1. There isn’t enough in our books about the history of the disability civil rights movement
2. Students need to know that disability rights are civil rights
3. They should be empowered with foundational information to connect social justice issues with disabled people
12. Finally, books are written by and centered around disabled perspectives and voices, including people with disabilities from diverse and marginalized communities
1. Representation matters
2. The cry of the disability rights movement: Nothing about us without us
3. Who are the real experts?
4. We need to keep this in mind as we select our books
5. We want to have libraries that represent people in authentic ways.
Everything that I’ve mentioned here are guideposts for selecting your classroom books. But I should note that most books will likely not meet all these criteria. However, as you pay attention, you will begin to notice that not all books are created equal, and you want to be diligent in selecting books that will meet more and more of these standards, taking students Beyond Awareness. Remember to check out the show notes to see a list of some of my favorite books in my own Beyond Awareness classroom collection!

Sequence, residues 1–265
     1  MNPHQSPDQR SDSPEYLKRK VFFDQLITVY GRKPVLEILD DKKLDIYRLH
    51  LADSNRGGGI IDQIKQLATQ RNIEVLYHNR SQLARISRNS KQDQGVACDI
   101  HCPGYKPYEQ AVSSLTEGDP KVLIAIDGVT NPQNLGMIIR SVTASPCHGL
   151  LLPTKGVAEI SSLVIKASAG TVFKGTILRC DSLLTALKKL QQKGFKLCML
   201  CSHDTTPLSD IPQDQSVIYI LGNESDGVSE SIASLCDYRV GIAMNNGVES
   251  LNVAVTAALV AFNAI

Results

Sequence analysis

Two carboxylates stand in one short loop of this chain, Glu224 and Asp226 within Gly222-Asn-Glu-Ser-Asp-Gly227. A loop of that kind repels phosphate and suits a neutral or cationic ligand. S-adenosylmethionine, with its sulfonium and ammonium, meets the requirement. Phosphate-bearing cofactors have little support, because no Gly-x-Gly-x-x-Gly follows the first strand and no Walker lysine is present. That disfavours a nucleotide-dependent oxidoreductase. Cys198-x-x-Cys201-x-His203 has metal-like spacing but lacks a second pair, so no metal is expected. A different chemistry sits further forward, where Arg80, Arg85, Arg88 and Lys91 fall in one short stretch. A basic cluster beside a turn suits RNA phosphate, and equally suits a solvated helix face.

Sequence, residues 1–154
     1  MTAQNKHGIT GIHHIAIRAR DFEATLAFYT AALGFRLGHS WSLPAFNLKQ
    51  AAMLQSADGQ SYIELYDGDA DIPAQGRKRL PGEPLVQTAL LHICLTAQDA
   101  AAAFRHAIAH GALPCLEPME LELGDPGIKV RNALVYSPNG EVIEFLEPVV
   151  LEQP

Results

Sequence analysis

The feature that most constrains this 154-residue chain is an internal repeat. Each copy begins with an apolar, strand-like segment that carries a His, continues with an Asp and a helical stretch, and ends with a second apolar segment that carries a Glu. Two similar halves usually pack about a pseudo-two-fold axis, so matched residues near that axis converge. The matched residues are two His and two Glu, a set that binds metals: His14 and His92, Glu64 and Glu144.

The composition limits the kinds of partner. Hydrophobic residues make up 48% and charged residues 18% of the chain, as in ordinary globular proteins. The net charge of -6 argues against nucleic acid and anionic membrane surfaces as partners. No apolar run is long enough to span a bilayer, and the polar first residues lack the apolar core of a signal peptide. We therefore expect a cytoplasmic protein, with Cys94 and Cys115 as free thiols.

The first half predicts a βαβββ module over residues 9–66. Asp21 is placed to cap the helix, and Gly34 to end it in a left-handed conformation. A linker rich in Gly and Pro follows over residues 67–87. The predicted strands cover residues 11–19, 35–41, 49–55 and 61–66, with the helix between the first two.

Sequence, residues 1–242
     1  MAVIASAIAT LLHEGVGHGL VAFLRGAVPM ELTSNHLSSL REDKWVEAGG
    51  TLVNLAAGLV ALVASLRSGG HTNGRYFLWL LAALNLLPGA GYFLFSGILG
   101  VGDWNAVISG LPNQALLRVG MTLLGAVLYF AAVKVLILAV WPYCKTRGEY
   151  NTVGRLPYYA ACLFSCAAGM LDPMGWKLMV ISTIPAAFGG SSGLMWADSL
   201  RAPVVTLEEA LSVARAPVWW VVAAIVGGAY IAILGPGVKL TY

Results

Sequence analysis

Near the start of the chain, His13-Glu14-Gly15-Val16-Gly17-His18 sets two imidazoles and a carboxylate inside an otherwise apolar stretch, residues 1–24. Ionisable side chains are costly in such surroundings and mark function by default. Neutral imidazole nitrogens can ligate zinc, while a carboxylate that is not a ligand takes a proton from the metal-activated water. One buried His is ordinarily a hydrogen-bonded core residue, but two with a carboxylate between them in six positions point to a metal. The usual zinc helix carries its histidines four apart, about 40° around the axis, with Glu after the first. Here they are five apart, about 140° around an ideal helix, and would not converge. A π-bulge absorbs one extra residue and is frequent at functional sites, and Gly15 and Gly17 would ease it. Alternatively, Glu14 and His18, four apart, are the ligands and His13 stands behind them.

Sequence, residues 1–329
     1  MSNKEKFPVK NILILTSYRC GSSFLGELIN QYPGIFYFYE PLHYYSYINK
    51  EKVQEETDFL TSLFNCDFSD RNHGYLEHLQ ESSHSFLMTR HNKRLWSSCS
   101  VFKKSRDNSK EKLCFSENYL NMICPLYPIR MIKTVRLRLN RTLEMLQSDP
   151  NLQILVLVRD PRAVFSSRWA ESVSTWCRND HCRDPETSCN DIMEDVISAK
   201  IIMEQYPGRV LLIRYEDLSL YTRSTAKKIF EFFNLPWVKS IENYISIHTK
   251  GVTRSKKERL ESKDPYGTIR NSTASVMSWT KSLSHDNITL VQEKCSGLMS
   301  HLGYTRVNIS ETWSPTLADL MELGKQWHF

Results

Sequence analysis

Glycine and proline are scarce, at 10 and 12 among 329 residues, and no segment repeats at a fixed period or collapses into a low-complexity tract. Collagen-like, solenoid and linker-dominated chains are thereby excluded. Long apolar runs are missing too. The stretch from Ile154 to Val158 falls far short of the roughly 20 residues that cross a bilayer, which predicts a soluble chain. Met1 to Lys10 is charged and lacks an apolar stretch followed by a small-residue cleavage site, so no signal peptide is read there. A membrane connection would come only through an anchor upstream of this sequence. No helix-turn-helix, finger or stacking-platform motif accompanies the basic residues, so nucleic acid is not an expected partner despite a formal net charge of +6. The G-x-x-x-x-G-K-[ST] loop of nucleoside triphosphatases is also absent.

School Bell Rings
If this was helpful to you, this is an example of the things you’ll learn in my compact, convenient, Beyond Awareness Digital Course. In it, you’ll learn the foundations of disability awareness strategies that align with research, so you can feel confident in your diversity, equity, inclusion, and disability awareness endeavors. All you have to do is go to GoBeyondAwareness.com to sign up for my digital Beyond Awareness Course.
Thank you for tuning into this episode of Beyond Awareness: Disability Awareness That Matters. If this was helpful to you, be sure to subscribe, rate, and review this show on Apple Podcasts, Google Podcasts, or Spotify. You can also follow me, Diana, on Instagram @dianapastoracarson and on Facebook at www.Facebook.com/GoBeyondAwareness. Or you can go to my website for more information at www.DianaPastoraCarson.com. My books include Beyond Awareness: Bringing Disability into Diversity Work in K-12 Schools and Communities, as well as my children's book, Ed Roberts: Champion of Disability Rights. They can both be found on Amazon. For your free Beyond Awareness resource called the "5 Keys to Going Beyond Awareness," simply go to www.GoBeyondAwareness.com/keys. This podcast transcription and podcast guest information can be found in the show notes. Intro and outro music has been provided courtesy of Emmanuel Castro. Thank you again for joining me. Be well, be a lifelong learner, and let's be inclusive. See you next time.